By BROOKE SNAVELY
CENTRAL OREGON DAILY
The Sisters Quilt Show is the latest victim of the coronavirus pandemic.
Organizers cancelled the event late last week, but announced an effort to keep it alive in virtual reality.
For 45 years the Sisters Outdoor Quilt Show has blanketed Sisters with over 1,000 quilts displayed on buildings all through the town and captured the imagination of all kinds of people. The event is so popular it averages 10,000 people the second Saturday in July… but not this year.
“Because we are an open event, there’s no ticketed door. There’s no way to limit how many people would come in. That’s what led our decision,” said Dawn Boyd, Sisters Outdoor Quilt Show Executive Director. “It hurts our hearts. We know that during that whole week, Quilters Affair going on and then during show day, that it is good for local businesses.”
Cancellation of the quilt show is an estimated $1.7 million loss to the town. Sisters already lost the rodeo, amounting to a one-two punch to the town’s summer season visitor-based economy.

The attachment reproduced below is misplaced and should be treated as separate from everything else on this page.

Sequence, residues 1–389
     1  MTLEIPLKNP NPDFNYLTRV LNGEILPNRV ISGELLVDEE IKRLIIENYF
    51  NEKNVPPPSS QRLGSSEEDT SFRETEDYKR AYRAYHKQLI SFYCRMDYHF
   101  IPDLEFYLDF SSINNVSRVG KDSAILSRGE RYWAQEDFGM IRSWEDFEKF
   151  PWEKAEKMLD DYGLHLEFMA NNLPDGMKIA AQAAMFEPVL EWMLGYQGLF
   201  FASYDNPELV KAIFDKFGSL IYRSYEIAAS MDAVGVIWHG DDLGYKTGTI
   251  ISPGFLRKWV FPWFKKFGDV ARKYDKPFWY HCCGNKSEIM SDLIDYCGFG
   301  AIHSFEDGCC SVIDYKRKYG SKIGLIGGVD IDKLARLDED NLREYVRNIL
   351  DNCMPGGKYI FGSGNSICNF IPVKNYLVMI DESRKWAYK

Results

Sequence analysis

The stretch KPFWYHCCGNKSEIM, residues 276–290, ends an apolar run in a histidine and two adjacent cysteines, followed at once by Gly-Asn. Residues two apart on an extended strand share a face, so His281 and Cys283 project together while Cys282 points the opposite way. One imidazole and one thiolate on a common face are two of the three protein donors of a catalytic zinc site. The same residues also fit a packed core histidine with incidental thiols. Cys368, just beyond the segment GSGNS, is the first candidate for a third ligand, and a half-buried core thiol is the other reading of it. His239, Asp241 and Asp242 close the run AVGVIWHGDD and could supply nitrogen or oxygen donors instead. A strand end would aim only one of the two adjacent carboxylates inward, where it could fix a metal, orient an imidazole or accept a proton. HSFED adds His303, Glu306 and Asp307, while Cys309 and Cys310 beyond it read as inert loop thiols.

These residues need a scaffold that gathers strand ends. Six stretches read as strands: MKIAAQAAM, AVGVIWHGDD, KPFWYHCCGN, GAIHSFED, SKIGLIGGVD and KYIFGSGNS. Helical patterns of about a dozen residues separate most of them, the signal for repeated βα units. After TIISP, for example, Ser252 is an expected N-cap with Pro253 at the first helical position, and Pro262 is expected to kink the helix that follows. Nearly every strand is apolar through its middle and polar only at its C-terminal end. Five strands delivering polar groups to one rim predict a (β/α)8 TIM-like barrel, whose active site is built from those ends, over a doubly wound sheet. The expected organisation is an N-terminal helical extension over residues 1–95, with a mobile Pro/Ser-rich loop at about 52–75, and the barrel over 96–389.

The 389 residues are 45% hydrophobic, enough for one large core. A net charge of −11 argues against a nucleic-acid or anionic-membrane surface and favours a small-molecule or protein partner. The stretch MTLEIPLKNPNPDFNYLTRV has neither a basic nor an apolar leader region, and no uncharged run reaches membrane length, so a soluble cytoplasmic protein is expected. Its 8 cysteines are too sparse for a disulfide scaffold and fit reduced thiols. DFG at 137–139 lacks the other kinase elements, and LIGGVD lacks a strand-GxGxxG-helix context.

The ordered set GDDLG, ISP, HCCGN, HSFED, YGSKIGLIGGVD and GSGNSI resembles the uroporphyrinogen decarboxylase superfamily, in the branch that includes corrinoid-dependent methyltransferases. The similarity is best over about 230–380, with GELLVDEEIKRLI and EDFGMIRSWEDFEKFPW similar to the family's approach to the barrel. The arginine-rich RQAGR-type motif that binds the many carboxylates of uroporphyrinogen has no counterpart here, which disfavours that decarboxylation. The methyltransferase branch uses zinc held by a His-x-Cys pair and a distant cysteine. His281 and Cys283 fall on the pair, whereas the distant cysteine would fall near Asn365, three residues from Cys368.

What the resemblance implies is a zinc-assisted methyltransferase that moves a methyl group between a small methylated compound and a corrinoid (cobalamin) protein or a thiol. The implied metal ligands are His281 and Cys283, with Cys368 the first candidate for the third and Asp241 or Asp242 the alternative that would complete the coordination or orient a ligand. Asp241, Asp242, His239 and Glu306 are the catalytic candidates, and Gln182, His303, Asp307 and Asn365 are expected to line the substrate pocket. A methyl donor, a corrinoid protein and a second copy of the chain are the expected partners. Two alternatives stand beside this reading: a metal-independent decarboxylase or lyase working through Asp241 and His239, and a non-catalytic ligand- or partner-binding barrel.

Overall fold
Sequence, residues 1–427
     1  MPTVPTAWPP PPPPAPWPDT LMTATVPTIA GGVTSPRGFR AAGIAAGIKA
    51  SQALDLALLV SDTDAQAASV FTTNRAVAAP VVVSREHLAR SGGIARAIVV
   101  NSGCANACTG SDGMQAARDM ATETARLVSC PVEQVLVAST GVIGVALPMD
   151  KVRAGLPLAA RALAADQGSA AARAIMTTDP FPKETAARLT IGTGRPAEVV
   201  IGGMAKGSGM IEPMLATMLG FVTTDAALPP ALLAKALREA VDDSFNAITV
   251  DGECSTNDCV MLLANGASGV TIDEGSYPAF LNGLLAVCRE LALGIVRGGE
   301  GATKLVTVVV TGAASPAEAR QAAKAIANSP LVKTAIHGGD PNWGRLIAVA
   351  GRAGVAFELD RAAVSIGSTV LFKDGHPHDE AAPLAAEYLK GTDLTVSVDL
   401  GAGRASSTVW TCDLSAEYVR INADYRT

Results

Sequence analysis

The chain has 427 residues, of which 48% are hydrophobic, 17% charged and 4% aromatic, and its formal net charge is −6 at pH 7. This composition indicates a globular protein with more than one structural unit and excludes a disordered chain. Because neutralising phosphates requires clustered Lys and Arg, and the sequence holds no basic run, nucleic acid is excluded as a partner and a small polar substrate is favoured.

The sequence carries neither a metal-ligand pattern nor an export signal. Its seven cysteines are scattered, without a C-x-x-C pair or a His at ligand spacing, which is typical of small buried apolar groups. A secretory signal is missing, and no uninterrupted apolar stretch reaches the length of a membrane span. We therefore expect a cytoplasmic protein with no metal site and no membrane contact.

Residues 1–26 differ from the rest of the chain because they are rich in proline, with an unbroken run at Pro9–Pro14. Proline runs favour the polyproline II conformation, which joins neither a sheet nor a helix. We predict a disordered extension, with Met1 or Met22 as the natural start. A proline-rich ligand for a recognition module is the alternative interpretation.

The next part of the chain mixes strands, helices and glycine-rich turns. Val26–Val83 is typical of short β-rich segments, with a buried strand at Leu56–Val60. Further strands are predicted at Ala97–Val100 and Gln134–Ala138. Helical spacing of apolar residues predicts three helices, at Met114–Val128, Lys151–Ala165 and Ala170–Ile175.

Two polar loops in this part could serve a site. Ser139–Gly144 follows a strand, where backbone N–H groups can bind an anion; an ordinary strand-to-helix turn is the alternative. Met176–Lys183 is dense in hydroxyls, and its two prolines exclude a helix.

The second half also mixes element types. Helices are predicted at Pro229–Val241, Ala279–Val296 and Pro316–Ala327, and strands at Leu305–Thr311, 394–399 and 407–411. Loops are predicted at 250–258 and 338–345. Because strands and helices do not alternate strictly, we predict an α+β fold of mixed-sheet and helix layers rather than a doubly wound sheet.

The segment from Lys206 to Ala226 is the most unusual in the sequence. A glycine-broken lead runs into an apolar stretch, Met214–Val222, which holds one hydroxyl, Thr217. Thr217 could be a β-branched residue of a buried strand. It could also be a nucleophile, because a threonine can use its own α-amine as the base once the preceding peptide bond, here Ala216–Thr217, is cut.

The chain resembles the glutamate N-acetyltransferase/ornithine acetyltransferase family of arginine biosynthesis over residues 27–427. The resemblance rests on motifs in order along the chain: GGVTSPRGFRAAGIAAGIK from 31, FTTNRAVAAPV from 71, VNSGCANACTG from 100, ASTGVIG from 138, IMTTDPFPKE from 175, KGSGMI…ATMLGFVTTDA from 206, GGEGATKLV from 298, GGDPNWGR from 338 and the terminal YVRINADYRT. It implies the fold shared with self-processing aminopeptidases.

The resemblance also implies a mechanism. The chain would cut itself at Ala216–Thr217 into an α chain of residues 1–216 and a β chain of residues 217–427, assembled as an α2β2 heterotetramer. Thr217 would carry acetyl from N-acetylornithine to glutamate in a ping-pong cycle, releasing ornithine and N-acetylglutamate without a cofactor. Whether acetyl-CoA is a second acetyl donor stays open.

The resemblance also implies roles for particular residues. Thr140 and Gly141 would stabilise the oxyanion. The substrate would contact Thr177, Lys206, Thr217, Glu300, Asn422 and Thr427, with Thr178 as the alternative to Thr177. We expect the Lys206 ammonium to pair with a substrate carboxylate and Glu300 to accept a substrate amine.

“All of our teachers but two can come back next year so we just created a do-over. A lot of our participants are ones that have come for years and they are willing to do that so that’s helping us out a lot,” said Valori Wells Kennedy, Stitchin’ Post co-owner
This year’s Quilt Show will be a virtual event, so that many of the quilts people have been working on for months will see the light of day, and some will be for sale.
“Some quilters do a great job sending their own photos to us. Some do want help so we encourage them to reach out to someone in their community. Or, there’s always those grand kids who are so smart with technology. We are hoping this will be a way to broaden the beauty of quilting to a lot of people,” Boyd said.
The Stitchin’ Post, considered by many to be ground-zero for the Sisters Outdoor Quilt Show, will honor the day this year’s event was scheduled.
“We plan on hanging 12 quilts outside our shop on quilt show day in honor of the first quilt show my mom did. So, 12 family quilts, we’ll do it again,” Valori Wells Kennedy said.
This year’s outdoor quilt show will be re-imagined into a virtual experience. Many of the same displays and quilts that are normally hung from the store fronts will be posted on line so people can see them from the safety of their homes.